Notebook: Leslie Frazier says Vikings have 'no regrets' on game plan
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EDEN PRAIRIE, Minn. -- The Minnesota Vikings' most productive series in the first three quarters of Saturday's playoff loss at Green Bay was their first, which included three read-option plays to exploit backup quarterback Joe Webb's athletic talents.
But coach Leslie Frazier expressed no regrets during his postseason media conference on Tuesday about a game plan that otherwise asked Webb to run an offense that strongly resembled the scheme they usually run with injured starter Christian Ponder.
"Not at all," Frazier said. "We really put together a game plan that we felt like played to (Webb's) strengths. We did some things with bootlegs. We did some things with play action, which he's very good at. We ran some option football, some zone-read and we also had some dropback in there.
"We had a mix that we felt very comfortable with and we had executed very well in practice. And when he had his opportunities during the course of the year, he had executed well also. So, no. No regrets about the game plan or the approach that we took."
The results were regrettable, though. After Blair Walsh's 33-yard field goal capped that opening possession for a 3-0 lead, the Packers scored 24 consecutive points to put the game all but out of reach by early in the third quarter.
Webb was 7-of-24 passing for 61 yards until the last two series, when the Packers went to a soft zone coverage and inexplicably left Michael Jenkins wide open for a 50-yard touchdown. The Vikings only ran three more read-option plays after that first possession.
"Their defense didn't really change," Frazier said. "The things that we saw on tape were there for Joe, just like they were for Christian. And he's shown that he can function in our offense. ... We had some things in that we felt really good about for him."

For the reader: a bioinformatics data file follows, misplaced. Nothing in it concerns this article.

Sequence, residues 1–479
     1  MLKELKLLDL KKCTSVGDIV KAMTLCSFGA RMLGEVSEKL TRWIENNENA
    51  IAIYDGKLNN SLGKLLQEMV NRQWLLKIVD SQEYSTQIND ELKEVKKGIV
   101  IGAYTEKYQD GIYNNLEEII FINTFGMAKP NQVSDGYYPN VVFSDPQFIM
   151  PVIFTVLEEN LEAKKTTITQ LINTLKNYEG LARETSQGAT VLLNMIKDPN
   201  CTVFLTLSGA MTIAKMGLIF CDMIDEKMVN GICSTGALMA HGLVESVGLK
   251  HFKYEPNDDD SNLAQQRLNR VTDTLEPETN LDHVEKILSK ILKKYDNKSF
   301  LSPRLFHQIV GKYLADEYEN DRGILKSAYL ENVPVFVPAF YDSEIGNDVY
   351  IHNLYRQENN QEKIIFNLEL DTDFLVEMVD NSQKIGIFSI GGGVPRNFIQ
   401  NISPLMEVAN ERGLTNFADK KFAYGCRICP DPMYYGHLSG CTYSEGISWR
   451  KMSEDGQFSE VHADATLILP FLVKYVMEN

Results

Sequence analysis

Webb took most of the snaps in practice during the week and did all the throwing because Ponder was dealing with a triceps injury that limited him to handoffs. Frazier informed Webb just hours before kickoff at Lambeau Field that he'd get the nod.
Asked if Webb had hit the throws in practice he missed in the game, Frazier said, "Oh yeah, otherwise we wouldn't keep him in the game plan. There were things that we did and did well.
"We had confidence going into the game, but you have to understand what you just said. The fact that his opportunities are limited when you are the backup quarterback, you're limited. It was a tall task for him. He fought, tried to give us a chance to win. We just weren't able to get over the hump."
There was no formal announcement before Saturday's game about Ponder's status to players. No one even talked to McLeod Bethel-Thompson, who said he learned he'd dress as Webb's backup "(w)hen my jersey was hanging in my locker.
"That's kind of the way it goes," said Bethel-Thompson, who had been inactive for all 16 regular-season games. "And obviously, you prepare each week as if you're going to be the key. You never know. There's only three of us."
Frazier pulled aside Webb and Bethel-Thompson after Thursday's practice to speak about the situation. The decision wasn't final until Ponder's pregame throwing session failed, though.
"They don't keep us in the dark in anything that's going on," Bethel-Thompson said. "But no one knew. No one knew the situation.
"I knew when I showed up at the stadium, and it was an exciting time. Unfortunately, it didn't go the way we wanted to. But I was happy to be able to suit and provide what I could provide."
Keep the veterans?
The Vikings are going through personnel meetings this week, discussing every player on the roster before they move on to free agents and then the draft class.
Among the decisions they must make is the possibility of renegotiating with defensive tackle Kevin Williams and cornerback Antoine Winfield -- two declining veterans whose 2013 salaries and cap numbers are among the team's highest.
Williams, 32, is due $7.5 million in salary and bonuses. Winfield, 35, is due $7.25 million. Frazier said he'll stump to keep both around, one way or another.
"That's something that we're going to talk about when we have our personnel meetings with Rick (Spielman, the Vikings' general manager) and the personnel department, and just talk about their fit going forward," Frazier said.
"But from my vantage point, very appreciative of the leadership they provided for us this season, what they've meant to me in my time here in Minnesota and I want them to remain Minnesota Vikings. They're great, great players and great people as well."